Fun Producing Savings Bank
by Sy Schreckinger – ANTIQUE TOY WORLD Magazine – June, 2012
MANUFACTURERS OF the late nineteenth and early twentieth centuries were
adept in determining the potential popularity of their products. Toys
and mechanical banks were created to appeal to the general public. There
was, indeed, no lack of subject matter, as indicated by the diversity of
Mechanicals that preached morality included
"Boy Robbing Bird's Nest" and "Boys Stealing Watermelons". Educational
themes were provided by "Bank of Education and Economy" and "Picture
Gallery". The excitement of circuses and enjoyment of zoos were
demonstrated by "Circus Bank", "Elephant and Three Clowns", "Lion and
Monkeys" and "Zoo Bank".
A humorous and, somewhat, surprising element
was provided by mechanicals that included "Zig Zag Bank" and our
subject, "Fun Producing Savings Bank", seen in Figures 1 and 2. The
humorous aspect of "Fun Producing" is revealed upon insertion of one
cent into its slot. Although the scale's face
promises "YOUR CORRECT WEIGHT", the deposit subsequently reveals the
surprising answer "YOU ARE ONE CENT LIGHTER".
"Fun Producing Savings Bank" is but one of
three different mechanicals to employ a platform-type scale as its
subject. All three were assembled from tin plate. During this period in
toy manufacturing history most tin plate mechanical banks originated
within Europe. However, "Fun Producing Savings Bank" emerged as one of
the few exceptions, having been produced in the United States. The two
other tin plate, scale-type mechanicals were "Try Your Weight Scale" and
"Record Money Bank" (Figures 3 and 4). The latter two were created in
"Fun Producing Savings Bank" was manufactured
by the Silver-Mirror Company of Chicago, Illinois.
The firm was engaged primarily in a catalog, premium, mail order
business. Companies such as this one was popular during this era since
they afforded young children the opportunity to purchase toy novelty
items through the mail. Parents were also given the opportunity to avoid
the inconvenience of frivolous toy purchasing trips to town.
Figure 5 features an advertisement for "Fun
Producing Savings Bank" which appeared in a Butler Bros., New York City,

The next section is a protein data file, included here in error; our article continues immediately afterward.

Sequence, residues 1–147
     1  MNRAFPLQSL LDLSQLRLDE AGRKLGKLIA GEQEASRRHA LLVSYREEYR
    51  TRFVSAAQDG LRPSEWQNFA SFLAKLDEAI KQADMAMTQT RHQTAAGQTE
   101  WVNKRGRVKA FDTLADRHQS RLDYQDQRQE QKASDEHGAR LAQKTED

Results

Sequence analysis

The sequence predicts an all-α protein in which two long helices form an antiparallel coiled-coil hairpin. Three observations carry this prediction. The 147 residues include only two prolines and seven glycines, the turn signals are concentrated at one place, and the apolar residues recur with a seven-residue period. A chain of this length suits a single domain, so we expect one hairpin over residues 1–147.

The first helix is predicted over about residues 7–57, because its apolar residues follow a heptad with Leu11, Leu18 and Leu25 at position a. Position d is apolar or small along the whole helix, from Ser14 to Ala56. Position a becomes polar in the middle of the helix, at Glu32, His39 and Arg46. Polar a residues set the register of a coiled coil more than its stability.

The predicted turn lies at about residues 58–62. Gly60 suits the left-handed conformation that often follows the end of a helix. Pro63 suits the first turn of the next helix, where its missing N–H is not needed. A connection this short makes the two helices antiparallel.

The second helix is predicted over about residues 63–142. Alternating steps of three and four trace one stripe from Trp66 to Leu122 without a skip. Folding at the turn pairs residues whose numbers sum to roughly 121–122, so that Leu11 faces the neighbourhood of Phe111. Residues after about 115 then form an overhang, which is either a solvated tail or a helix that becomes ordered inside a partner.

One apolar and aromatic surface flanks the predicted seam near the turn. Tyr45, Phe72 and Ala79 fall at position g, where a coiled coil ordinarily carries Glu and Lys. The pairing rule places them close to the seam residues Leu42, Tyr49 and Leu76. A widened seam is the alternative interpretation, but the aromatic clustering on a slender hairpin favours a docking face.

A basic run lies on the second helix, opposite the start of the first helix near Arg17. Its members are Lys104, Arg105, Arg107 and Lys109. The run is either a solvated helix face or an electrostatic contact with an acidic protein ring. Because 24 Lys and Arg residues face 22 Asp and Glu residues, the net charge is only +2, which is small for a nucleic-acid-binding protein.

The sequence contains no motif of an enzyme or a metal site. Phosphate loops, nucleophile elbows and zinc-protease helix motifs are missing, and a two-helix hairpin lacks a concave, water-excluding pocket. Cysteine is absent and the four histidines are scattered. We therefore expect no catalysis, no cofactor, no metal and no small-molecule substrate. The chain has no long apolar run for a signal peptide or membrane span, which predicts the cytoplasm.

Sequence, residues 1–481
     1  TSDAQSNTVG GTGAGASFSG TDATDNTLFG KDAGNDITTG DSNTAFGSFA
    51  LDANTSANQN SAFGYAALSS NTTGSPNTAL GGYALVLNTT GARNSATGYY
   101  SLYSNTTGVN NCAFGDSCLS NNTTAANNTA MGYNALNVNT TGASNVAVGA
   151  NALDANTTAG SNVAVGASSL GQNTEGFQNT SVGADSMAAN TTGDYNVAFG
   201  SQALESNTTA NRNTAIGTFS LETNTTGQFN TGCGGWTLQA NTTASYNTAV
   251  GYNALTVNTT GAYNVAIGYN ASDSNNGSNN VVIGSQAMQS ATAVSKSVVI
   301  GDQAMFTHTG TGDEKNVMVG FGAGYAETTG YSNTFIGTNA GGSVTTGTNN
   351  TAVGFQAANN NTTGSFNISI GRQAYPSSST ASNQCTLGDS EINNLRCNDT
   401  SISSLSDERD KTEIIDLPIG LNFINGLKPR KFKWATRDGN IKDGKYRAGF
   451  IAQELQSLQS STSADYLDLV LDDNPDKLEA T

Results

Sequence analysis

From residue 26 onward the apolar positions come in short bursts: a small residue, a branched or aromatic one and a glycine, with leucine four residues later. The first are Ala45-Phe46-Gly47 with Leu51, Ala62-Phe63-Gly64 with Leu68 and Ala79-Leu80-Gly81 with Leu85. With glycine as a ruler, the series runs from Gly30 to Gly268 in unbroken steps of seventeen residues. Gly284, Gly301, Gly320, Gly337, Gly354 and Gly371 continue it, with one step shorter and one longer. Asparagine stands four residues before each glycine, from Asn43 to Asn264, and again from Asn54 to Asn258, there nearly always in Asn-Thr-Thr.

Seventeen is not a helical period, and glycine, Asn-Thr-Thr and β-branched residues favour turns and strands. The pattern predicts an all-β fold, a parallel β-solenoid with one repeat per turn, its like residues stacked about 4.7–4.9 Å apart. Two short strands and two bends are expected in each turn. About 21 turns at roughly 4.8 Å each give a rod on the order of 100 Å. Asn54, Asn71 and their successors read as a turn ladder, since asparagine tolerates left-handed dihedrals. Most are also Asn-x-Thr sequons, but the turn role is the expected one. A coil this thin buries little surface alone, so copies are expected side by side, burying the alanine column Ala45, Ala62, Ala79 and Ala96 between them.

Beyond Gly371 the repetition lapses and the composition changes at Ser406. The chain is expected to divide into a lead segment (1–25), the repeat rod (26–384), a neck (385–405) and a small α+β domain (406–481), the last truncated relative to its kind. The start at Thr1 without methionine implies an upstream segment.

wholesale toy catalog, circa 1918. In it the "Scale Bank" is offered at
"1 doz. in box...Doz. 95¢".
Additional pertinent data relating to our subject's heritage may be
gleaned from a label affixed to the underside of the bank's base (Figure
6). This information revealed the name of the bank, its manufacturer,
and, importantly, its retail price of 15 cents.
Figure 7 displays a side section of the packing
carton utilized for "Fun Producing Savings Bank". Printed upon it are
the following instructions regarding the mechanical's operation: "Press
lever down to its lowest position. The shutter will read "Your correct
weight". Now insert your penny in the slot at the top of the bank and
lever will fly back. The shutter now reads "You are one cent lighter".
To remove the coins, insert the key in the two slots of the lock on the
platform and turn to the left. Remove lock and take out the coins."
"Fun Producing Savings Bank" is considered
quite scarce, especially when acquired in mint condition. Despite its
modest size (i.e. Height: 5-1/2 inches. Width: 2 inches), this
mechanical is an extremely desirable and interesting addition to a
mechanical bank collection.
Acknowledgment: The mint example "Fun Producing
Savings Bank" (Figures 1 and 21 and its original box (Figure 7) weigh in
at the Kidd Toy Museum, Frank and Joyce Kidd proprietors.
Addendum: Refer to Antique Toy World article,
April 2012, "Signal Cabin Bank". Pertaining to deposited money
removal...Some examples of "Signal Cabin Bank" require only the sliding
back of its curvilinear roof to accomplish coin retrieval.